SpaceX has bet its future on a network of small satellites that could beam the internet down to Earth. This month, the company's plans got a whole lot bigger.
Hawthorne, Calif.-based SpaceX has requested permission from an international regulatory group to operate as many as 30,000 satellites at a specific frequency, power level and location in space. The company had received prior permission from the U.S. government to operate about 12,000 satellites and launched 60 initial satellites in May.
The new batch of 30,000 satellites are set to be in orbits ranging from about 200 miles to 360 miles above the Earth, according to filings submitted Oct. 7 to the International Telecommunication Union, which allocates radio spectrum and satellite orbits. The filings did not include details of when the satellites would be launched.
A SpaceX spokesperson said in a statement that the company was taking steps to "responsibly scale" the total network capacity and data density to "meet the growth in users' anticipated needs."
SpaceX makes its money by launching satellites for commercial and government customers and ferrying cargo for NASA to the International Space Station. But company Chief Executive Elon Musk has said SpaceX's launch revenue probably tapers off at about $3 billion a year.
The global internet connectivity market, on the other hand, is worth about $1 trillion. Musk has estimated that with the company's Starlink satellite constellation, SpaceX could capture at least 3%, or $30 billion, of that sector.
Musk also intends to use revenue from Starlink to fund his passion project: a Mars spaceship known as Starship that would be capable of ferrying up to 100 people to the red planet. The company has started building prototypes of that spaceship near Boca Chica Beach in Texas and in Cocoa, Fla., and Musk estimated last month that a test launch reaching 60,000 feet in altitude could occur in one to two months.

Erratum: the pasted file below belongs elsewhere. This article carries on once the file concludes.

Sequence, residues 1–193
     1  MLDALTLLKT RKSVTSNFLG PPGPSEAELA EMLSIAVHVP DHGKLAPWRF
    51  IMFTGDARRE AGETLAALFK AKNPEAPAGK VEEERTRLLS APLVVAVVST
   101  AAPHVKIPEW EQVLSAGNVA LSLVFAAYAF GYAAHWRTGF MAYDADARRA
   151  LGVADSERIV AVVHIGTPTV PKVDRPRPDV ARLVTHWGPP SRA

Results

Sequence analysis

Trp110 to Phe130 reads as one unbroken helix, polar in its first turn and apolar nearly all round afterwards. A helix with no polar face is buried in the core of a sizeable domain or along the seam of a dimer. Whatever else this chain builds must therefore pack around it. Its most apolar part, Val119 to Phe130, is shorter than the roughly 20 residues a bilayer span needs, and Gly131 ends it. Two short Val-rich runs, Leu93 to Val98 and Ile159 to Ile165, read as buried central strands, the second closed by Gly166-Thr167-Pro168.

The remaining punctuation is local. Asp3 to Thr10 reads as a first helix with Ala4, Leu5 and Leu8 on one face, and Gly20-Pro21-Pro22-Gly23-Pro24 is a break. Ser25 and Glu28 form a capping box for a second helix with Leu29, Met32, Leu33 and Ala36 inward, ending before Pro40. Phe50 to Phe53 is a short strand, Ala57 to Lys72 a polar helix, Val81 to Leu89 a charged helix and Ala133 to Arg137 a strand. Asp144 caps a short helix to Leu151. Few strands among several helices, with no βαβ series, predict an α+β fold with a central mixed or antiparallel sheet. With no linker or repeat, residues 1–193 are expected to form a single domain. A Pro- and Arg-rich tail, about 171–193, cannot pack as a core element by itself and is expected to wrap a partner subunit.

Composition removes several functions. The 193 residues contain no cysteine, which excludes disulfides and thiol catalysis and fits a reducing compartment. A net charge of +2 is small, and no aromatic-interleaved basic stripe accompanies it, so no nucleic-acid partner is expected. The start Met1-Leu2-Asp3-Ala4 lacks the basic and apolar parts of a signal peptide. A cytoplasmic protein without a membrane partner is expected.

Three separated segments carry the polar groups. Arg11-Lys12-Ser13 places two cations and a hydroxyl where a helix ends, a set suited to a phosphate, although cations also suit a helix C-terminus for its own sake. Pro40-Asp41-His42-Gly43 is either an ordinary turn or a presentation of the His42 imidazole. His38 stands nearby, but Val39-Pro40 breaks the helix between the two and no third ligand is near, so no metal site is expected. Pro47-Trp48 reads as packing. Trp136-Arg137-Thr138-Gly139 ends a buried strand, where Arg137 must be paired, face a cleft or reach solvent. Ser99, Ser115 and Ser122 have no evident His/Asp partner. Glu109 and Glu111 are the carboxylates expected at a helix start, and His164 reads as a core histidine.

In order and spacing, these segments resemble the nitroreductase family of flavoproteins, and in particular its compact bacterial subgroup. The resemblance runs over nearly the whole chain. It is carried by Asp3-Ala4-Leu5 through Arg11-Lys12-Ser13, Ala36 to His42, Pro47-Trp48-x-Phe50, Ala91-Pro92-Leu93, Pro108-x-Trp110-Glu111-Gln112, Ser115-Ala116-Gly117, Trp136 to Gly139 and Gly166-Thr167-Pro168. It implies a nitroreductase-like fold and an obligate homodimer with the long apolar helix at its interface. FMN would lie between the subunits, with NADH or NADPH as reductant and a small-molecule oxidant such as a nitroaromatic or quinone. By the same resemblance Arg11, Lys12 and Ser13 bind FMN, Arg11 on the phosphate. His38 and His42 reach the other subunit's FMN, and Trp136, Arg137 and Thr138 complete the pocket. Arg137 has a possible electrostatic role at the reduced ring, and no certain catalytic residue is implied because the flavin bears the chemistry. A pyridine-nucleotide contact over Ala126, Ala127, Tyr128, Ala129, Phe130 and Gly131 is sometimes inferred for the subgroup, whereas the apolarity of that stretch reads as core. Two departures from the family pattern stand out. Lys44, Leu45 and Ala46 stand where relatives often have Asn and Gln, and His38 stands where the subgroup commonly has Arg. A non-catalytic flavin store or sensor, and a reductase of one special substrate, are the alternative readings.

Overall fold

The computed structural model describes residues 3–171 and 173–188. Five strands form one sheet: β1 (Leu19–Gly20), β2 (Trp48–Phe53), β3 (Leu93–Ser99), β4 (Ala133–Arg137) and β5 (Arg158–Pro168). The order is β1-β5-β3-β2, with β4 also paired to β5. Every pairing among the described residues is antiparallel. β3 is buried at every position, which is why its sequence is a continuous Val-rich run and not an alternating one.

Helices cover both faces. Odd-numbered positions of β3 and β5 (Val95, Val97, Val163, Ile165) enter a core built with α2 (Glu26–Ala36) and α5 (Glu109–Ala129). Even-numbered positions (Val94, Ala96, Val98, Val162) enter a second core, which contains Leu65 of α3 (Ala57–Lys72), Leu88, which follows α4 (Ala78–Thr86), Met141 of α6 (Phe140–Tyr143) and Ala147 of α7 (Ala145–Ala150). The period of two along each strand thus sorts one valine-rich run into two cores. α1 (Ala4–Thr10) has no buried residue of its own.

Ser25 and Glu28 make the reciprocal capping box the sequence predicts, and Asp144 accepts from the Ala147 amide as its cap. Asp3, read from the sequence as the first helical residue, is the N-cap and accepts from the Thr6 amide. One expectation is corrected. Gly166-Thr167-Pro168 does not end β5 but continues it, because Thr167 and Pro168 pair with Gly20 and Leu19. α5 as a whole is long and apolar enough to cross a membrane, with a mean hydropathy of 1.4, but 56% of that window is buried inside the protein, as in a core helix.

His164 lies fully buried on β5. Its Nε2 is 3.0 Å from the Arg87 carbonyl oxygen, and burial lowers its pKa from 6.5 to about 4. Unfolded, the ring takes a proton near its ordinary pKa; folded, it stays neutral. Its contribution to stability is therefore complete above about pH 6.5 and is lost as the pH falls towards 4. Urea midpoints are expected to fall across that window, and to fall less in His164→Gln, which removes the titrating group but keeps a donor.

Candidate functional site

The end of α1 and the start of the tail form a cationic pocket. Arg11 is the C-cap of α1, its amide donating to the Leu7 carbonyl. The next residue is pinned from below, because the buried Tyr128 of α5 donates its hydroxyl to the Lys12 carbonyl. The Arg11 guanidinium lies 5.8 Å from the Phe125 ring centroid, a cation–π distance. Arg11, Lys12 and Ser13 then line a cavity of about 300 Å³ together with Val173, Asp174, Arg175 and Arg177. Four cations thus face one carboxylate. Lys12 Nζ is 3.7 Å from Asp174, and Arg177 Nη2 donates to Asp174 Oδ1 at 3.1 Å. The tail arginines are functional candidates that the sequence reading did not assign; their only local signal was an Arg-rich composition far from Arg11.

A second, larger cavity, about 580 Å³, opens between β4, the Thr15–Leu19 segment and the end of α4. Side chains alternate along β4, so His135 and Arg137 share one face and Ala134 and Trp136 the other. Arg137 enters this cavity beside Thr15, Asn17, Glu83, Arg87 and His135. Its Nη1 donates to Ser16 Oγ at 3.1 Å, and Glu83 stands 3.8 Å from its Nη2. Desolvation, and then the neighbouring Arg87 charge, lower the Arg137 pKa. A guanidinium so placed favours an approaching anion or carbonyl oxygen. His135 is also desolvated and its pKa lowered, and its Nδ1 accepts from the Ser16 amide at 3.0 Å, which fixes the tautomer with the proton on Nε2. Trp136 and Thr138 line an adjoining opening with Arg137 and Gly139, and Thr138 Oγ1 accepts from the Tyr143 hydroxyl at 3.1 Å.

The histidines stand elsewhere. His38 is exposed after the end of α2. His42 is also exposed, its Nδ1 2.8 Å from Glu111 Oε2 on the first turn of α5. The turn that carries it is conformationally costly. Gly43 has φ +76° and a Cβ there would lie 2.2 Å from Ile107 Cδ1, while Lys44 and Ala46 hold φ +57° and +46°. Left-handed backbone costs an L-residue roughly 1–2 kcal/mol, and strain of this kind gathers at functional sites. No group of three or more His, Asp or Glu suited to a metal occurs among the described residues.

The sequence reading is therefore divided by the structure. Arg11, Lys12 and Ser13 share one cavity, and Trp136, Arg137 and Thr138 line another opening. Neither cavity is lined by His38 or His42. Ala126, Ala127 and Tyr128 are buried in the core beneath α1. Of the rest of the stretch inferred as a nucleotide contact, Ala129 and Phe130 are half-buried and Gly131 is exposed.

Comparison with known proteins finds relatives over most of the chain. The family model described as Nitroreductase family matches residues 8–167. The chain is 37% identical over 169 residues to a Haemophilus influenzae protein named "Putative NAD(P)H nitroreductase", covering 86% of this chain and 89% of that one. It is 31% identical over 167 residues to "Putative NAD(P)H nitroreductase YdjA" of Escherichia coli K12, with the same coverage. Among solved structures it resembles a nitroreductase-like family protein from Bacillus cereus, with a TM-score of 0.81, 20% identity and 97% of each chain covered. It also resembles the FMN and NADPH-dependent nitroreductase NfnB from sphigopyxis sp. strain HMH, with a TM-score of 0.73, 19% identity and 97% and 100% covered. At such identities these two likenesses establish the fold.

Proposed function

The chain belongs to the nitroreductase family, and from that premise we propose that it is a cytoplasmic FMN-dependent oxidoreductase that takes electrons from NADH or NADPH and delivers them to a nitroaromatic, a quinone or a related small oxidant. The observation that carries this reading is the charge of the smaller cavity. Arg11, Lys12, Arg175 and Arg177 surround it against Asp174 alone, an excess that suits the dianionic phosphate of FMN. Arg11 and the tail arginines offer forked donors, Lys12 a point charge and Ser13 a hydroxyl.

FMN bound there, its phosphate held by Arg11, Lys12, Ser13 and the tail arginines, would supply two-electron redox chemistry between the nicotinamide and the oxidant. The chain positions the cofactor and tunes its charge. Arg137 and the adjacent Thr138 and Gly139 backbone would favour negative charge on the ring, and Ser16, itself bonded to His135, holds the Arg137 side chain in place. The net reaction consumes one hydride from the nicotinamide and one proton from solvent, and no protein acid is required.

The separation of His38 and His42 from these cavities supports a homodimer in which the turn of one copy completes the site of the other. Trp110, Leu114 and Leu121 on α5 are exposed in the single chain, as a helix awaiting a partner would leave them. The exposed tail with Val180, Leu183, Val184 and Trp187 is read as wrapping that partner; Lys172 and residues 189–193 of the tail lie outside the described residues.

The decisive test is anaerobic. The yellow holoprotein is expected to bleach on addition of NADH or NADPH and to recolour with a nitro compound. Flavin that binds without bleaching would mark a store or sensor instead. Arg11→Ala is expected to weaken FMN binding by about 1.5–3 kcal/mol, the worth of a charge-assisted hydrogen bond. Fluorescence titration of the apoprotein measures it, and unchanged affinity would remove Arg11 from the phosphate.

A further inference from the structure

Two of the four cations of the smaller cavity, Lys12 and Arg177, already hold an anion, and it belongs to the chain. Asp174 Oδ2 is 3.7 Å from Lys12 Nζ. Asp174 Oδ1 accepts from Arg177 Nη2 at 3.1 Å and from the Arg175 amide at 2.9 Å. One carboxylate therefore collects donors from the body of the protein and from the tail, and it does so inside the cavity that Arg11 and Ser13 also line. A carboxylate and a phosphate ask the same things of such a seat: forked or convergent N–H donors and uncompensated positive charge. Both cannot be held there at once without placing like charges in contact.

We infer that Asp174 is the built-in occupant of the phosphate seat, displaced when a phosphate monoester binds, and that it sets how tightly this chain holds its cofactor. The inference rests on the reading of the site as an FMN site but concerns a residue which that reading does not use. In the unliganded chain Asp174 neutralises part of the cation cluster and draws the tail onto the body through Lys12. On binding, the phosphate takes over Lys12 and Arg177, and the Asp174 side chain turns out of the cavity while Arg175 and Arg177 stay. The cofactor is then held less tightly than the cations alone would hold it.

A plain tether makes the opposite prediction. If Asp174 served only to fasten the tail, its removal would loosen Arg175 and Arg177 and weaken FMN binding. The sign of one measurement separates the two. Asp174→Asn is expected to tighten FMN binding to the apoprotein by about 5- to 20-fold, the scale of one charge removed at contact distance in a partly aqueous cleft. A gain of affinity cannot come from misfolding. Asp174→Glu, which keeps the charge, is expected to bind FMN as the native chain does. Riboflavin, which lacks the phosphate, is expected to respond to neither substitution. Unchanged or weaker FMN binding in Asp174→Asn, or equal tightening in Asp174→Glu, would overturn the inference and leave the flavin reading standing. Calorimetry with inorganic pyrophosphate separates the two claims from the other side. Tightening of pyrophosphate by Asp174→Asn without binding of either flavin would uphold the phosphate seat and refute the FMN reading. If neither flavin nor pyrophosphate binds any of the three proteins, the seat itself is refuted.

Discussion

"SpaceX is relying on Starlink to provide a lot of profit for them," said Laura Forczyk, owner of space consulting firm Astralytical. "They have a lot of ambitious projects going on that they need funding for."
But the company faces daunting technical challenges to build the high-tech satellite components cheaply enough to be affordable for users, with a level of reliability that can place it above competitors on the ground and in the sky.
Several other broadband-beaming satellite constellations have either launched or are in the works, including London's OneWeb, which is backed by Japan's SoftBank Group Corp. and British billionaire Richard Branson's Virgin Group. Jeff Bezos' Amazon.com Inc. has also entered the race with its Project Kuiper and asked the Federal Communications Commission in July for permission to launch more than 3,200 satellites.